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Despite the big change in the atmosphere of this more diverse city school as compared to my suburban junior high, I did pretty well there. The only time I got into trouble was when my science teacher sent me out to the hall for some small infraction that I don't remember now. When I closed the door behind me, a gust of wind, or differential air pressure, or something like that caused it to close with a rather loud bang, thus making it seem like I had petulantly slammed the door in great disrespect to the teacher. So he charged out, now really mad at me, and dragged me down to the principal, a real old-school kind of guy. So I get "suspended," which means I get to go home and can't come back to school unless accompanied with a parent. The principal asked me, "who gives out the beatings in your family?" That was the person he wanted me to bring to school the next day. This provided a bit of a quandary for me, as my parents didn't believe in hitting their kids, except in self-defense. I had to think fast. I couldn't tell him that my parents didn't believe in beating their kids, or he might have called Child Protective Services, but I also couldn't let him think that my Dad was such a wimp that he let my Mom do the beatings. So I told him that my Dad was the one, which meant Dad had to take off work the next morning and bring me into school, where we had a very nice talk with the principal, where I made the proper groveling apology, and all was forgiven. But the principal was an OK guy, he liked to play chess with the kids, which he did with me, and beat me like drum. So I guess I did get beaten for my misbehavior, after all.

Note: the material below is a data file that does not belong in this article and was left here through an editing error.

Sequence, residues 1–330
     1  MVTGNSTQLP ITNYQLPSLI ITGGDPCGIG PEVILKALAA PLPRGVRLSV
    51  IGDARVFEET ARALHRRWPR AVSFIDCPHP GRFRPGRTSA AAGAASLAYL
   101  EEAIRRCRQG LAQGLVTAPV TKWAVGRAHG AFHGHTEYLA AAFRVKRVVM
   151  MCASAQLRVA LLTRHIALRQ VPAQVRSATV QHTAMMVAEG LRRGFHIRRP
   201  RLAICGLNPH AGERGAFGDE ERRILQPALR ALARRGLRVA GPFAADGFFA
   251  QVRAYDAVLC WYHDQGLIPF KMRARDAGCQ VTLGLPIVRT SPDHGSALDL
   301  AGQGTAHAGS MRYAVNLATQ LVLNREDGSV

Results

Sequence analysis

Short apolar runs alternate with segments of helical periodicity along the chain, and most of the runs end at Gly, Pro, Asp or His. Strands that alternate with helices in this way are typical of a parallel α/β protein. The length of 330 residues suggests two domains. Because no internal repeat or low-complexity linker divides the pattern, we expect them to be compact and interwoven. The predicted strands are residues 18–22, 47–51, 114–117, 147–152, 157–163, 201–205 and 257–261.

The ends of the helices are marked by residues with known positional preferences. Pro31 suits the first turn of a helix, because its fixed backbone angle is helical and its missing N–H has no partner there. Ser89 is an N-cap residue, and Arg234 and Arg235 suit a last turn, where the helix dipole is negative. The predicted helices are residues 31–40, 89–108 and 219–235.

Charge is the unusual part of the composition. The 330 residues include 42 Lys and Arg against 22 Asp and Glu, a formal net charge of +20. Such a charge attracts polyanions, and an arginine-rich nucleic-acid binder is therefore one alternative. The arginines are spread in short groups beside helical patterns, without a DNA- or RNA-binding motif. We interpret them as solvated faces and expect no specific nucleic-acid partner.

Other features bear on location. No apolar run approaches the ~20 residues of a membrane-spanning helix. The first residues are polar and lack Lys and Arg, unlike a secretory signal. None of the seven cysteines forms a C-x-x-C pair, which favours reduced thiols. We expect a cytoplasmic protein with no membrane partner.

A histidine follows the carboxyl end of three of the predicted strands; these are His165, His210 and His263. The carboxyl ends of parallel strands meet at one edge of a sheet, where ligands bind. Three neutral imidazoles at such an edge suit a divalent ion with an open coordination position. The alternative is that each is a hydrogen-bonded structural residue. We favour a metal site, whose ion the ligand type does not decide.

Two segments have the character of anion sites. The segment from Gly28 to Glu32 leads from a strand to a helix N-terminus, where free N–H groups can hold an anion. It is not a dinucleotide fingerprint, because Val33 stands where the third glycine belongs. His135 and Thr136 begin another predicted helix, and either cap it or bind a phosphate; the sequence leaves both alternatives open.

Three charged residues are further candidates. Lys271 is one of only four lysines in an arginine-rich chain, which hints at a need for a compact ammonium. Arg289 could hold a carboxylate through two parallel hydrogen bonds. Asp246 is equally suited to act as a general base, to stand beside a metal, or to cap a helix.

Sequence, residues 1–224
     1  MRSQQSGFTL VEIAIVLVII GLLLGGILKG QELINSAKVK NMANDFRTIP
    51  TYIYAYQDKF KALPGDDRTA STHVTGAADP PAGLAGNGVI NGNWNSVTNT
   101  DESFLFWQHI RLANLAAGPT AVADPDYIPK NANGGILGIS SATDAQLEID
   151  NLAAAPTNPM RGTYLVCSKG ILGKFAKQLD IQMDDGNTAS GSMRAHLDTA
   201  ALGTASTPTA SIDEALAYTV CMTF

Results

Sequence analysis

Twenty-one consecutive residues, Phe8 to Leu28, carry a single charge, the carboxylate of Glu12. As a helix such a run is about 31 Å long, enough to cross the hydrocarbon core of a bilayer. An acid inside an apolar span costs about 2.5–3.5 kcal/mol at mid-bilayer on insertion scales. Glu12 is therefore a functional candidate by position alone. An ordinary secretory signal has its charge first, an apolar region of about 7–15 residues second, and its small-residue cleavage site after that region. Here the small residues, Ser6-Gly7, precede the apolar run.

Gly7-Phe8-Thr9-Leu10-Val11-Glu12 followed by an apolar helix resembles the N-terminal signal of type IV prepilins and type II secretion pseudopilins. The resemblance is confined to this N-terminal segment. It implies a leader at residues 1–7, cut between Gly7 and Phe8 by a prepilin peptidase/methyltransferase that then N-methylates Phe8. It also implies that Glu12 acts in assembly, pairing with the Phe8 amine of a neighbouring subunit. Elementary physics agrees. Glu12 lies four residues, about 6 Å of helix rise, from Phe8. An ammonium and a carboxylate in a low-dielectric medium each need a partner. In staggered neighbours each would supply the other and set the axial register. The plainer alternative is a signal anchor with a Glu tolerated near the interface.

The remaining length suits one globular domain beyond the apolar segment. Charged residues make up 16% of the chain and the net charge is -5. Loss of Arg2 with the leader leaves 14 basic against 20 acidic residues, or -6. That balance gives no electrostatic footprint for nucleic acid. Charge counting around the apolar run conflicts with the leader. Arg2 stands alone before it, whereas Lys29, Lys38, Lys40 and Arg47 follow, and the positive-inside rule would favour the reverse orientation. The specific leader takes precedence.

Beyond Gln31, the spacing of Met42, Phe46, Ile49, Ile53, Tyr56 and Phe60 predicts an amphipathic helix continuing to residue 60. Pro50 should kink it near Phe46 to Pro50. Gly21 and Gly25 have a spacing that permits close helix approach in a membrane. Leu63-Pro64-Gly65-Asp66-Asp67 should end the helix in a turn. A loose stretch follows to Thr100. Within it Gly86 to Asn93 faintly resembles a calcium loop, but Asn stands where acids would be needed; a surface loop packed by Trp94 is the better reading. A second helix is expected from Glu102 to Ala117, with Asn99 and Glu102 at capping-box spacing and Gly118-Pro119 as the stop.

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While we were very conscious of history in our neighborhood, after all the United States was started here, here's a little even that I never knew about in my day, and it happened on the block where I lived.